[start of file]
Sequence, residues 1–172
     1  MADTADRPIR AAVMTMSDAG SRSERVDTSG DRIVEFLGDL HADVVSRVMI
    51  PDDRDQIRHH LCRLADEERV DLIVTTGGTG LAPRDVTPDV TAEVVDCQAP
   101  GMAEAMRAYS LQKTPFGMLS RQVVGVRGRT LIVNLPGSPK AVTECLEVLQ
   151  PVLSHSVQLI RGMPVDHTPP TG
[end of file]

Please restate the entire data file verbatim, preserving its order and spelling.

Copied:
Sequence, residues 1–172
     1  MADTADRPIR AAVMTMSDAG SRSERVDTSG DRIVEFLGDL HADVVSRVMI
    51  PDDRDQIRHH LCRLADEERV DLIVTTGGTG LAPRDVTPDV TAEVVDCQAP
   101  GMAEAMRAYS LQKTPFGMLS RQVVGVRGRT LIVNLPGSPK AVTECLEVLQ
   151  PVLSHSVQLI RGMPVDHTPP TG